I posted my lab results on my Ray Peat Facebook group and got lots of great Peat quotes, references and advice from folks who I’ve come to respect a lot.  Here are some of the quotes/references offered in the comments:

“The hypo-osmolar blood of hypothyroidism, increasing the excitability of vascular endothelium and smooth muscle, is probably a mechanism contributing to the high blood pressure of hypothyroidism. The swelling produced in vascular endothelium by hypo-osmotic plasma causes these cells to take up fats, contributing to the development of atherosclerosis. The generalized leakiness affects all cells (see “Leakiness” newsletter), and can contribute to reduced blood volume, and problems such as orthostatic hypotension. The swollen endothelium is stickier, and this is suspected to support the metastasis of cancer cells. Inflammation-related proteins, including CRP, are increased by the hypothyroid hyperhydration. The heart muscle itself can swell, leading to congestive heart failure.” – RP, from Water: swelling, tension, pain, fatigue, aging.

“Honey has been used therapeutically for thousands of years, and recently there has been some research documenting a variety of uses, including treatment of ulcers and colitis, and other inflammatory conditions. Obesity increases mediators of inflammation, including the C-reactive protein (CRP) and homocysteine. Honey, which contains free fructose and free glucose, lowers CRP and homocysteine, as well as triglycerides, glucose, and cholesterol, while it increased insulin more than sucrose did (AI-Waili, 2004).” -RP, from Sugar Issues.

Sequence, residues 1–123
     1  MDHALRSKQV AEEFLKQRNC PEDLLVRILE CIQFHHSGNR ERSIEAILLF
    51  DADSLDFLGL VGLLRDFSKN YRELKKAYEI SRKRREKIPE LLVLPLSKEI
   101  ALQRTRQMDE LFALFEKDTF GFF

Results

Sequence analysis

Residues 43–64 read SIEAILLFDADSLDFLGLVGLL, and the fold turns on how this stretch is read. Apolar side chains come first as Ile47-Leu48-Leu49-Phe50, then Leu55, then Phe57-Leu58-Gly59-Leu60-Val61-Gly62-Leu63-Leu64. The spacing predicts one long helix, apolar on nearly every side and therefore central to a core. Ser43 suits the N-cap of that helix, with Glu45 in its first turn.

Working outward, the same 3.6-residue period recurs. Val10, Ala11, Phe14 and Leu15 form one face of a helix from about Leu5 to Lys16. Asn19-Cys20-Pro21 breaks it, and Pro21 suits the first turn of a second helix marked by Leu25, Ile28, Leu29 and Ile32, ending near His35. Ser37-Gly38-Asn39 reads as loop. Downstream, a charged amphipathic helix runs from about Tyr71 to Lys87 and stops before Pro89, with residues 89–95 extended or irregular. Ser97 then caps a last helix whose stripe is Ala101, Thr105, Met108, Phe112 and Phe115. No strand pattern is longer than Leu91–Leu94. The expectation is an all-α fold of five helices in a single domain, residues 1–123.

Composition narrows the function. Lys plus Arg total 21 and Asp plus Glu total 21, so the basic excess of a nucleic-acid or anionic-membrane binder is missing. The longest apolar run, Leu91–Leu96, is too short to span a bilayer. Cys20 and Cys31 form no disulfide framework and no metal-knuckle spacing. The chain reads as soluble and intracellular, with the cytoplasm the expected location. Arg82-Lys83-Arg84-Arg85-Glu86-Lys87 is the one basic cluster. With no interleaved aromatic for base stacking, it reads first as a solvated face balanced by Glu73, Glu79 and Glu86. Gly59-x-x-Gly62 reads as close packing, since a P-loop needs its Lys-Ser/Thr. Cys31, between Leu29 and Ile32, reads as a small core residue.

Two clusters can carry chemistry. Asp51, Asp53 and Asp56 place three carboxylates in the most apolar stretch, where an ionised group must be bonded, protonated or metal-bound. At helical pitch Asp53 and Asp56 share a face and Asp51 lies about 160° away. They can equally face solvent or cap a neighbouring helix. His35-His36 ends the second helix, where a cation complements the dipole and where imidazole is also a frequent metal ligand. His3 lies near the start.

J Med Food. 2004 Spring;7(1):100-7.
Natural honey lowers plasma glucose, C-reactive protein, homocysteine, and blood lipids in healthy, diabetic, and hyperlipidemic subjects: comparison with dextrose and sucrose.
Al-Waili NS.

“Bacteria thrive on starches that aren’t quickly digested, and the bacteria convert the energy into bulk, and stimulate the intestine. (But at the same time, they are making the toxins that affect the hormones.)” –RP

“One of the major “acute phase proteins,” C-reactive protein, is defensive against bacteria and parasites, but it is suspected to contribute to tissue degeneration. When its presence is the result of exercise, estrogen, or malnutrition, then its association with asthma is likely to be causal, rather than coincidental.” -RP

“Systemic metabolic problems make local problems worse, and if a local injury is serious, it can cause the liver to produce stress-related proteins called “acute phase proteins,” including fibrinogen and serum amyloids A and P, C-reactive protein, and other inflammation-related proteins. These proteins are a primitive sort of immune system, that can directly bind to some harmful substances. Endotoxin absorbed from bowel bacteria is probably the commonest reason for increased production of these proteins.” -RP